Earlier this year, an Emirates A 340 nearly crashed on take-off at Melbourne. The First Officer had programmed the computer with the aircraft’s weight but he made a gross typing error. The aircraft was far too heavy for the thrust the engines had been programmed to provide. Only by a mixture of skill and luck were the pilots able to get the aircraft into the air, though its tail still scraped the runway.

The two pilots flying the aircraft were handed their letters of resignation by Emirates on their return to Dubai. It is likely that they could have faced jail for potential manslaughter but we imagine Emirates would have been unwilling to press charges since they did not want to draw attention to the accident.

It might be just about understandable that the First Officer could make the error in the first place but the Captain is supposed to double-check what has been done. According to Emirates, there are four levels of checks which should have caught out the error.

However, what is even more extraordinary is that there were actually four pilots on the flight deck – the two reserve pilots who were due to take over during the long flight to Dubai were sitting on jump seats behind the two operating pilots. How did they not notice something was amiss?

This is not so dissimilar to the crash of the Turkish Airlines 737 at Amsterdam. The pilots ignored automated warnings because, so it seems, they were too busy chatting amongst themselves. As well as the standard two pilots, there was a training Captain sitting on a jump seat who was supposed to be supervising the First Officer.

Unprofessional behaviour can occur with just two pilots flying an aircraft. The crew of the Calgon commuter aircraft that crashed in the States have been accused of gossiping rather than following the “sterile cockpit” rule when an aircraft is close to landing.

Unfortunately, 2009 is proving to be a busy year for crash investigators. It should also be a busy year for air crew psychologists. They need to do some serious work on the behaviour of pilots, especially when there are more than the standard number in the cockpit.

An even more exciting landing in St Barths

St Barth’s is renowned for its tricky landings. Aircraft have to approach over a hill and then begin a very sharp descent on to the runway and make a sharp halt to avoid taking tourists for an early dip.

This video shows one aircraft that did not quite make it. Backseat drivers might like to know that aviation professionals suggest the moment the aircraft tries to touch down, it is hit by a gust of wind and at that time, the pilot should have aborted the landing and gone round. Unfortunately, he chose to try to touchdown again and he very nearly succeeded…

Air France Crash

It is very difficult for newspapers to write anything sensible in the hours immediately after such a crash. There is virtually nothing to say – other than the fact that an aircraft has disappeared crossing the Atlantic. However, most newspapers and television stations commented on the fact that Air France is one of the world’s top airlines and has an “excellent safety record”.

Well, maybe that last bit should be questioned a little.

The crash of the Air France Concorde was blamed on debris on the runway at Charles de Gaulle but Air France had not made some modifications to their Concordes that British Airways had done. Had the same incident happened to a BA Concorde on take-off, it would probably have survived.

An Air France Airbus crash-landed at Toronto and this down to pilot error. The aircraft was a write-off but all the passengers escaped unhurt before the aircraft exploded, partly due to exemplary evacuation procedures by the cabin crew.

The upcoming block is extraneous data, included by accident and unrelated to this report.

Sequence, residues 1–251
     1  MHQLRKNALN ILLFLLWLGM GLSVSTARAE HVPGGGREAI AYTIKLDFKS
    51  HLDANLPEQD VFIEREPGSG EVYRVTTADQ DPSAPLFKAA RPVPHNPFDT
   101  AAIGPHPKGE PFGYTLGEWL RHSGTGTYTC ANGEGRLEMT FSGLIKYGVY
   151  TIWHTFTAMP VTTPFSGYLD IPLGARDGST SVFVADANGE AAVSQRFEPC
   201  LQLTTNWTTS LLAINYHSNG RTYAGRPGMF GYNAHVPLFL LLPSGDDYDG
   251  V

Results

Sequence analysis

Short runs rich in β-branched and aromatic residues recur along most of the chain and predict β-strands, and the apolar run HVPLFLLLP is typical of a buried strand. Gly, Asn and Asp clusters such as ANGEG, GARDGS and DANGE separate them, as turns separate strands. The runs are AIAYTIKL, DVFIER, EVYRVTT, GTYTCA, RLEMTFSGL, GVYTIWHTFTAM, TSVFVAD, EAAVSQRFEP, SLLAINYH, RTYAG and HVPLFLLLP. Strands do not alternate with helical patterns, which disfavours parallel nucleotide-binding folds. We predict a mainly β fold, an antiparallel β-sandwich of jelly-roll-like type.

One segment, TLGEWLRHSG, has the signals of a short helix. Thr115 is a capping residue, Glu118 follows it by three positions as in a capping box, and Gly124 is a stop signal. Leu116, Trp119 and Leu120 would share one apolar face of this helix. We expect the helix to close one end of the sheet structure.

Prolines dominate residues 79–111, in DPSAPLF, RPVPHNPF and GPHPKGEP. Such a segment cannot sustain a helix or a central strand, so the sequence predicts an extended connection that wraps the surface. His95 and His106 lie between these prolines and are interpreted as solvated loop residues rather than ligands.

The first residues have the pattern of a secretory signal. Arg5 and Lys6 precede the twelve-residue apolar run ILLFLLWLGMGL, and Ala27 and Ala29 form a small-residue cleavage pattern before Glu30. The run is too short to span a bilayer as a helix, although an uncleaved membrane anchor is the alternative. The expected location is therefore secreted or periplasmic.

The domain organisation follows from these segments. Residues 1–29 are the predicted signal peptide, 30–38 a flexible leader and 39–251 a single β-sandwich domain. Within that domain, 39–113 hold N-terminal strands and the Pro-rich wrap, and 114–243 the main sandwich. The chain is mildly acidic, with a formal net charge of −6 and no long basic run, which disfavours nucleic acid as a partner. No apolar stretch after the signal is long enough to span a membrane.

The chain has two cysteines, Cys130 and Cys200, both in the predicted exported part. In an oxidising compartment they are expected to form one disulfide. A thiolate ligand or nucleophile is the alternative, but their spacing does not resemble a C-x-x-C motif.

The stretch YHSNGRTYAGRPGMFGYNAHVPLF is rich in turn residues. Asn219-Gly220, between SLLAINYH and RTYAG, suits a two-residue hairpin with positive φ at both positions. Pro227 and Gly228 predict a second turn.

More recently, as readers of Inside Traveller know, one of Air France’s regional subsidiaries crashed a commuter jet because the pilot had not de-iced the aircraft. Following other similar incidents to the same type of aircraft, operators had been warned to de-ice this model in specific circumstances but this instruction did not appear to have been passed down to Air France pilots. Fortunately, none of the passengers were killed (though a passing motorist was) – otherwise, Air France would have had some serious explaining to do.

Unfortunately, air crash investigations in France are in the hands of the government and are open to accusations of bias. The French are very proud of their national institutions and unwilling to bring them into public disrepute. The report into the Concorde accident is a case in point because – at the very least – serious questions should have been asked about Air France’s failure to make the same modifications as BA.

The report into the latest accident will pose a serious problem. Air France is a French company but Airbus is also partially owned by the French state. It is possible that one or the other could face some criticism. For once, it is vital that the French put jingoism aside and produce a report that is comprehensive and will be respected by all parties. Airbus will be particularly anxious for this because their worldwide credibility is at stake. If airlines and the manufacturer have to make a few amendments to the way they fly the A 330′s, that is fine. Aircraft types can survive one crash and remain popular with airlines and the public – providing it is known that everyone has learned from the crash.

It is very early to draw conclusions as to what happened but one or two points of interest are emerging. Airbus sent out a service bulletin in late 2007 advising the replacement of some probes. Air France did not fit these. Airbus have also reminded all airlines of the minimum speed requirements as laid down in their manuals.

The report into the Concorde accident made France rather a laughing-stock in some quarters. They must not make the same mistake with this report.

Delayed by an Ashtray

The Daily Mail got very upset about a British Airways 747 being delayed for 25 minutes on its departure for Mexico City because one of the toilet doors was missing an ashtray.

The newspaper was righteous with indignation, as if the airline has simply used all its creative powers to come up with a reason to delay its passengers.  “Smoking was banned on aircraft years ago” fumed The Mail.

The British tabloids are not keen on letting facts spoil a story and The Mail displayed all its aviation ignorance in this very silly article.

The worst thing that can happen to an aircraft is fire. With or without a ban, some idiot might still try to have a crafty smoke in the toilets. You will see that the waste recepticles for used towels have fire firm springs – they are supposed to be fire-proof. Also, all aircraft have to have some form of ashtray in case someone is caught smoking and told to put it out.

Aviation laws vary from country to country, but in most cases these are regarded as “no-go” items. Toilets must be fire-proof – whether The Daily Mail likes it or not. The BA Captain had a simple decision, either wait a few minutes for a new ashtray or have the toilet blocked off for the whole flight. No doubt the passengers on board were suitably relieved that he made the decision to wait for a few minutes.